The Wine Group has grown to become the second-largest U.S. wine company, producing the equivalent of 53 million standard 9-liter cases annually.
Based at Concannon Vineyard in San Francisco’s East Bay, the company produces more than two dozen brands that span the post-Prohibition history of U.S. winemaking. It operates 13 wineries in California, New York and Australia. Brands include the world’s biggest, Franzia, as well as Cupcake, Chloe, Benziger, Imagery, Love Noir, Glen Ellen, Corbett Canyon, Big House, Flipflop, Almaden, Oakleaf and Mogen David.
The Wine Group started in 1981 in a leveraged buyout by managers of a business unit by that name within Coca-Cola Bottling of New York. It has grown by acquisition, such as Glen Ellen from the Benziger family in 2002, as well as by import alliances and brand creation. The company acquired the Benziger and Imagery brands from the family in 2015.
North Bay Business Journal spoke with Brian Vos, president since 2009 and CEO since 2012. He’s set to be the keynote speaker at the Journal’s Wine Industry Conference in Santa Rosa on April 26 (nbbj.news/wine18). His wine business career spans nearly three decades, starting with the largest U.S. producer, E&J Gallo, in 1989. He joined The Wine Group as vice president of supply chain in 2002.
In the following interview, Vos talks about his company’s drive to innovate brands in the “premium-plus” price segment — below $20 a bottle — and how attracting millennials with lower-priced premium brands will help keep them reaching for quality wines as their careers give them more disposable income.
What are top drivers for the U.S. wine business right now?
BRIAN VOS: Right now, there is a bit of slowdown in growth. We were growing great for a lot of years. We’re still growing, but it is a little tamer than it was. The premium end is driving a lot of (it).
Rosés are, obviously, a big deal. The question is, are they here to stay? Are they year-round (sellers)?
There’s packaging innovation with single-serve cans and premium 3-liters like Black Box. They are both providing tons of growth for the category right now.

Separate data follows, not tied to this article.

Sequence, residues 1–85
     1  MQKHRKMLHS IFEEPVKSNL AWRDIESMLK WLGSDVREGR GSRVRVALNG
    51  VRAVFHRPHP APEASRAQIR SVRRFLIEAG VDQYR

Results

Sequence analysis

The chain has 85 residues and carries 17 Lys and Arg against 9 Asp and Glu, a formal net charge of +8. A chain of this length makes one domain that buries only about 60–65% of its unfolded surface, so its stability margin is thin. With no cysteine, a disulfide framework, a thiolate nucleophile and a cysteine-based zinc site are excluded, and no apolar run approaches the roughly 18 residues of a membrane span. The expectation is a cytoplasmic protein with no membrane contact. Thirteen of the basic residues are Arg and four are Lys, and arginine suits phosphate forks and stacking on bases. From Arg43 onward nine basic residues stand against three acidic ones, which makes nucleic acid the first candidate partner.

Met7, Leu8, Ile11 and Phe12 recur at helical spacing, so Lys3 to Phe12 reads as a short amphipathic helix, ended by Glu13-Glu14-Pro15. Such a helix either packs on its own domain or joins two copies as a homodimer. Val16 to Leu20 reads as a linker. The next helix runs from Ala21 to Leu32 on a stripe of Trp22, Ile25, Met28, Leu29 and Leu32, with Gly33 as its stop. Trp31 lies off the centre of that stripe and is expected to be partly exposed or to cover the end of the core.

How is that changing the way you do business, affecting the way you do brand marketing and brand creation?
VOS: We’ve been a company that has always believed in balanced offerings for our consumers, so we continue to try to grow premium. At the same, we believe the value consumer is always going to be there and we want to offer those consumers a robust offering as well. You won’t see us abandoning the value end and the popular (premium) segment as well, but you will see us leaning in on the (ultra)premium end, because that is where the growth is at.
Are you looking to acquire or create brands toward the faster-growing ultrapremium, even up to the luxury side of the market, as well as continue your other brands at other price points?
VOS: Our innovation has focused on south of $20. Everyone has different terminology for that (segment). I call it “premium-plus.”
How diversified should companies be in beverage alcohol?
VOS: We gave spirits a try five to seven years ago. We weren’t ultimately successful. We’re pretty pragmatic, and we found it was something we weren’t really good at. We took a step back and focused on what we’re good at.
Wine Industry Conference
Read more interviews this week with Wine Industry Conference 2018 speakers (nbbj.news/wine18qna):
Keynote: Brian Vos, CEO of The Wine Group
Panel: Drive to Premiumization
Jeff O’Neill, founder of O'neill Vintners & Distillers, Larkspur
Judd Wallenbrock, president and CEO of C. Mondavi & Family (Charles Krug Winery), Napa
Kevin Phillips, vice president of operations for Michael David Winery, Lodi
Bob Torkelson, president and CEO of Trinchero Family Estates, St. Helena
Panel: Wine Growth Cycle: Are we at the peak?
Dan Leese, president, CEO and co-founder of V2 Wine Group in Sonoma
Gary Schlossberg, Wells Capital Management
Jon Moramarco, Managing Partner, BW 166
Tony Correia, The Correia Group, North Coast vineyard appraiser
JoAnn Wall, Above & Beyond Real Estate Services, Central Coast vineyard appraiser
Carl Stillman, Stillman & Associates, Oregon vineyard appraiser
Details on the conference: nbbj.news/wine18